December 30th, 2006

ozarque figure

Discussing globalization; part one...

Since I proposed a Time Out on December 13th I've been spending as much time as possible reading on the "basics" of economics and globalization -- sometimes based on your recommendations for source materials, sometimes not. I've finished all but the last half dozen pages of Friedman's The World Is Flat; I've read a foot-high stack of PDFs and journal articles; I've read an assortment of discussions of globalization [and of the Friedman book, usually in the not very helpful form of ranting and raving about (a) his stupidity, and (b) his revoltingly bad metaphors] on major blogs.

The more I read, the more confused I become -- and the more clearly I understand why people are so tempted to just pick one version of the case either for or against globalization and refuse to read or hear anything else on the subject. It's less confusing that way.

I kept hoping I'd find some one document, preferably current and by a respected scholar, that summed up the entire issue clearly and concisely and would serve as a framework by which we could structure our discussion... I didn't find it. [If you have found it, please share the information.]

Winging it, therefore, it seems to me that we might just try examining the various positions being taken on globalization one at a time and see where that gets us. Starting with what we could call the "survival of the fittest" position. That's the one that says some people on this planet are going to have what they need to live decently, some are going to have what they need to live in luxury, and some are going to lack even the most basic necessities of life -- and that's just the way things are. There's the scientific version of this position, which we're all familiar with; and then there's a religious variation on this position in which things are this way because that's the way Whoever Is In Charge has decided they should be. Both versions, so far as I can see, lead inexorably to the proposition that each of us is obligated to do our best for our own personal selves and perhaps for our own immediate family, and anything more than that is simply wasted effort.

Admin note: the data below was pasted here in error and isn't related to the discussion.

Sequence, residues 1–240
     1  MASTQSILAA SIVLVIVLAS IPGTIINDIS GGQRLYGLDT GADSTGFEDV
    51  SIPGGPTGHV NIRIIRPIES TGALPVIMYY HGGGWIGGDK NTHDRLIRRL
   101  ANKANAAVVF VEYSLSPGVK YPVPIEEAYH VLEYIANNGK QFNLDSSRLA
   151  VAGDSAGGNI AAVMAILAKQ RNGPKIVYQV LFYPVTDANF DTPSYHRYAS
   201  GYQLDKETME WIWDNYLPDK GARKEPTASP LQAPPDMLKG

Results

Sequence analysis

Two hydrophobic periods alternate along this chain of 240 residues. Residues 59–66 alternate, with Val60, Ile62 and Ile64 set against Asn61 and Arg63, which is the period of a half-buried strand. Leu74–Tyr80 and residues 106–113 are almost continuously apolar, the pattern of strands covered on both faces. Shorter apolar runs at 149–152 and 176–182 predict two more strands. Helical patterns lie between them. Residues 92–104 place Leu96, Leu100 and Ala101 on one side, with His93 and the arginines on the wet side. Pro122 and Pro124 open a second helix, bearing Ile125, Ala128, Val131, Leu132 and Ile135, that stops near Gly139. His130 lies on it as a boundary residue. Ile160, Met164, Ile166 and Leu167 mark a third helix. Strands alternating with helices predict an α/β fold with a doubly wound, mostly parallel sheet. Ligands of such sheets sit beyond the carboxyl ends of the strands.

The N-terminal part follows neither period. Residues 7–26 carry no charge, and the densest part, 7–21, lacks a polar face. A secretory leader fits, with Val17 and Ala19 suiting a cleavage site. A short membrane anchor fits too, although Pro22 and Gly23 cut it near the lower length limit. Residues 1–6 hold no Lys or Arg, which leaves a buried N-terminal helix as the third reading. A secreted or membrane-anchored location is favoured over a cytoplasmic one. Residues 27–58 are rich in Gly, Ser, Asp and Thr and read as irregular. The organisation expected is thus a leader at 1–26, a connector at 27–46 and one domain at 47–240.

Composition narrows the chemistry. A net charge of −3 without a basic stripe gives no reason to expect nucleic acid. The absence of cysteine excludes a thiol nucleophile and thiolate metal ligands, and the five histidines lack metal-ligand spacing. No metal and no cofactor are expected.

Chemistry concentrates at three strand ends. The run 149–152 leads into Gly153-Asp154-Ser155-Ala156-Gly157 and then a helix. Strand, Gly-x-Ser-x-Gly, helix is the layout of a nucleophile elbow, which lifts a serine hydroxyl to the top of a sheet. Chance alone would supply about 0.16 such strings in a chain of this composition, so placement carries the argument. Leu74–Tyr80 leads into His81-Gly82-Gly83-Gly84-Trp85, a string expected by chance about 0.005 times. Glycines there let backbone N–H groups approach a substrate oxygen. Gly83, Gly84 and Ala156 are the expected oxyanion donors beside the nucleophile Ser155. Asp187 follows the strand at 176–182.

Which, assuming you find that position acceptable and rational, solves the problem of knowing what to do, right?

No, unfortunately. Because even if you are a staunch advocate of survival of the fittest, you are immediately faced with the question of what is best for you and your immediate family.

Take just one reasonably simple example. Survival of the fittest (hereafter SOTF) says it's absurd for you to worry about the health of someone in sub-Saharan Africa; your only obligation is to take care of your own health and the health of your own child. But then you discover that with today's international travel the communicable diseases ravaging sub-Saharan Africa are likely to arrive at your local airport any day of the week and emerge into your own hometown and threaten both you and your child. Which brings up the question of whether an essential part of your personal survival involves spending some of your resources trying to stamp out the communicable diseases ravaging sub-Saharan Africa. Which seems to indicate that altruism somehow morphs into your own most selfish self-interest.

Over to you....
ozarque figure

Discussing globalization, part one; afternote....

rabidsamfan says -- justifiably: "I'd like to see a definition of what you think 'globalization' means, btw..."

I apologize for starting this without defining even my most basic term. There are so many different definitions floating around that I thought I might get away with not making mine explicit for a while. But that's totally stupid, and lazy, not to mention how unlikely it was. So.....

For me, the term "globalization" means the set of mechanisms available to humankind for the purpose of ensuring an equal opportunity for every human being on the planet. Not for ensuring an equal outcome for every human being; that's not possible. Just an equal opportunity.

And while I'm here, I want to mention the Global Policy Forum's "Globalization" website at , where the first topic is "Defining Globalization."